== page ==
The second annual Accelerate Michigan Innovation Competition drew a crowd of hundreds this week to Eastern Michigan University’s Eagle Crest Resort to help develop the state’s economic future through entrepreneurship.
But then, when you’re handing out $1 million, a big crowd is sure to develop.
A total of 53 companies, 24 student business ideas, and 42 venture and angel investment groups participated in the event.
During the three days of the competition, company and student pitches were interspersed with networking sessions and panel discussions on manufacturing innovation, cleantech investment, the role of nonprofits in entrepreneurship, problems that kill deals and more.
The “adult” companies competed for prizes ranging from $10,000 through a Grand Company Award of $500,000. The student teams competed for prizes of $25,000, $15,000 and $10,000.
The final presentations Thursday night were held at Henry Ford Museum in Dearborn. Before the prizes were handed out, attendees heard presentations from Michael Finney, CEO of the Michigan Economic Development Corp.; Michigan Lt. Gov. Brian Calley; and Peter Perez, deputy assistant secretary for manufacturing at the United States Department of Commerce. Michael Jandernoa, former CEO of Allegan generic drug maker Perrigo, was also given the Spirit of Michigan award. All praised the attendees as representing the future of Michigan.
Winning the Grand Prize of $500,000 was Ypsilanti-based De Novo Sciences, a company developing an instrument system and reagent kit that allows for the separation, detection, and retrieval of circulating tumor cells (CTCs) from peripheral whole blood — an alternative to traditionally painful and invasive biopsies. The technology will also enable users to perform downstream molecular tests at the single cell level as well as retrieve viable cancer cells. More at www.denovosciences.com.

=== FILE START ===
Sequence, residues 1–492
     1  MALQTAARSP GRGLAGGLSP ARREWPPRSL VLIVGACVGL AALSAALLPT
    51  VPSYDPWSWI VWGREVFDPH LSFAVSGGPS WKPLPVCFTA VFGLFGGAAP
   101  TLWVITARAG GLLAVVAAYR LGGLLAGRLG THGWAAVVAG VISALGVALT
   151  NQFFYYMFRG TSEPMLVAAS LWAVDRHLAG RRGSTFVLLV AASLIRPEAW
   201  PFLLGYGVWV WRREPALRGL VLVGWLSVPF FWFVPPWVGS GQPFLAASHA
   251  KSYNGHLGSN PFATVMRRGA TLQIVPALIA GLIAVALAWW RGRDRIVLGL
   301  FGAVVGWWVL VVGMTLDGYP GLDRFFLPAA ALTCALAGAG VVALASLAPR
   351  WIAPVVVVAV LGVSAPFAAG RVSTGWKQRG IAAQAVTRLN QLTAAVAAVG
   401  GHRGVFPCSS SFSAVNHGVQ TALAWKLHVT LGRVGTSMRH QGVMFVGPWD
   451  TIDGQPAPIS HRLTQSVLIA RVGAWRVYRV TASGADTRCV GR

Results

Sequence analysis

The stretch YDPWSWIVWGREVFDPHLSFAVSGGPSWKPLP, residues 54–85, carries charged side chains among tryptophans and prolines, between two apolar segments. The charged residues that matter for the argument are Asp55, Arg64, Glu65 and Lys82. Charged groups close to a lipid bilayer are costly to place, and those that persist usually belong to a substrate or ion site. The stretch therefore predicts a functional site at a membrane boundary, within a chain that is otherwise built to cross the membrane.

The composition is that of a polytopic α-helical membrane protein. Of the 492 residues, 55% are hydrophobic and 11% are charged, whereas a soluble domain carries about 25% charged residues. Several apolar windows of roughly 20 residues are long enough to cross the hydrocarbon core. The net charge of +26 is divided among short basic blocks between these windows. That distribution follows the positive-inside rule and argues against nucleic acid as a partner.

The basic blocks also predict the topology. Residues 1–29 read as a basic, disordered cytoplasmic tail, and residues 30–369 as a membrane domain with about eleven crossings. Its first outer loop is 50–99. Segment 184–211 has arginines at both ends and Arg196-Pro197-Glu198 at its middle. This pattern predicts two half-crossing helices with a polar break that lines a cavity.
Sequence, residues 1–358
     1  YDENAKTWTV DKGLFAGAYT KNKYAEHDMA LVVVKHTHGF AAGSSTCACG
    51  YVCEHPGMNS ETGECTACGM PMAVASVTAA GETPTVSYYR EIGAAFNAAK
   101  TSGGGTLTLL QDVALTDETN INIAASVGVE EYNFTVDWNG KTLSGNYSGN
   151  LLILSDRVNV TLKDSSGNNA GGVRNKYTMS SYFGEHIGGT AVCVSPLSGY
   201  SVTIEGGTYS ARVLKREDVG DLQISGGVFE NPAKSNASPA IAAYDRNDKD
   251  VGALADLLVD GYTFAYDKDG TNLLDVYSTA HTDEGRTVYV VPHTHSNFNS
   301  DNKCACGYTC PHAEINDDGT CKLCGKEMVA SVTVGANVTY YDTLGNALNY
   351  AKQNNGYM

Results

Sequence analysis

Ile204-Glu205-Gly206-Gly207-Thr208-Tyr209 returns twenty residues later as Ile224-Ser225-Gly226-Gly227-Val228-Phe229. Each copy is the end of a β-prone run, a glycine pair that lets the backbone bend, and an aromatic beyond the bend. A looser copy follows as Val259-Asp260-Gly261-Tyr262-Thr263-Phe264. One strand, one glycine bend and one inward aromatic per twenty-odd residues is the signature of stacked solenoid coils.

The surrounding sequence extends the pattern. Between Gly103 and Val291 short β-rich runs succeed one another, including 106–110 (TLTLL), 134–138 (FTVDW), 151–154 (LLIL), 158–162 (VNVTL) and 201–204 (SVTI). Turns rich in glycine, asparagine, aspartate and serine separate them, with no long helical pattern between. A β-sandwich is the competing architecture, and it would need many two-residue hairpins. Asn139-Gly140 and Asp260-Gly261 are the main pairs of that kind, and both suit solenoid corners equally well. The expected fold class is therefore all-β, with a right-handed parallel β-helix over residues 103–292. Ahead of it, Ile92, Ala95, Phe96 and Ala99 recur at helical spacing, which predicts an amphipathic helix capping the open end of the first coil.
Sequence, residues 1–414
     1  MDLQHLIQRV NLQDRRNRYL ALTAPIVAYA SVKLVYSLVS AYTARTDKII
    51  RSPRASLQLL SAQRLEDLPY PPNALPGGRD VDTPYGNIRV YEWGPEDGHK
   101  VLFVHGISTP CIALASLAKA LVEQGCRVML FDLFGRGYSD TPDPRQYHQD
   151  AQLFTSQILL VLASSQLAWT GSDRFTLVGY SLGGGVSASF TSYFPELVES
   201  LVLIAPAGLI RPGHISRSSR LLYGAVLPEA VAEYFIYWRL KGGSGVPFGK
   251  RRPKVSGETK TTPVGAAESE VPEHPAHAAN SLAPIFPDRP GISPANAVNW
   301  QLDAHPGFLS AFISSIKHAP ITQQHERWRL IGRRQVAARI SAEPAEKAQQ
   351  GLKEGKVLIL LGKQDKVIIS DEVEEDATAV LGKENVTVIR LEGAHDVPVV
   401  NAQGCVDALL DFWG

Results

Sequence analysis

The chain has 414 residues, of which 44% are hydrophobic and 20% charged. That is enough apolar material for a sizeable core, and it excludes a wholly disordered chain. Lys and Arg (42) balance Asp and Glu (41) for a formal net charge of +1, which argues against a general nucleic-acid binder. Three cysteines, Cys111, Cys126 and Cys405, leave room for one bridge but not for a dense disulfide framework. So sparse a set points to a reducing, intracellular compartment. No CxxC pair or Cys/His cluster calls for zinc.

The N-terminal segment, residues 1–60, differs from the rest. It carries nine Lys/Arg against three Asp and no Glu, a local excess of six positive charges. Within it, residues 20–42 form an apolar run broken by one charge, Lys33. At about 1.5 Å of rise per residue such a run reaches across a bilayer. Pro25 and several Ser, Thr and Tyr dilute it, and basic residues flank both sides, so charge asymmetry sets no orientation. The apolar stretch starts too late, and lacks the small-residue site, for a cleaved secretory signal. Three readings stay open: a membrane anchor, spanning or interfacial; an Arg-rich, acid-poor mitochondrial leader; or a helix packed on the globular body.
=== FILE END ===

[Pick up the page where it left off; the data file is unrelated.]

Winning a runner-up prize of $150,000 was Fusion Coolant Systems Inc., a company spun out of the University of Michigan that provides an advanced coolant and lubrication system for use in manufacturing. More at www.fusioncoolant.com.
Winning $25,000 sector awards were the following companies:
* Life Sciences, Ocusciences Inc., a medical diagnostic device company commercializing a rapid, non-invasive test for early detection of retinal disease. More at www.ocusciences.com.
* Medical Devices, Advanced Cooling Therapy LLC, a company developing improved methods to control patient temperature in order to more effectively implement mild therapeutic hypothermia and treat fever. More at www.advancedcoolingtherapy.com.
* Advanced Materials, InfiChem Polymers LLC, a company formed in 2009 to commercialize its proprietary chemical process for recycling of polyurethane scrap destined for landfills into InfiGreen polyol products that are used in the production of new polyurethanes.
* Advanced Manufacturing, ePack Inc., a company developing advanced packaging materials for electronic sensors intended for harsh environments. More at www.memsepack.com.
* Alternative Energy, Grid Logic, a company introducing a small, low-cost, high-field magnet for wind power applications, commercializing superconducting technology originating at Stanford University. More at www.grid-logic.com.
* Advanced Transportation, ENRG Power Systems LLC, a 2-year-old Michigan company established to manufacture and market an easy-to-install ignition coil system which improves spark ignition engine fuel economy.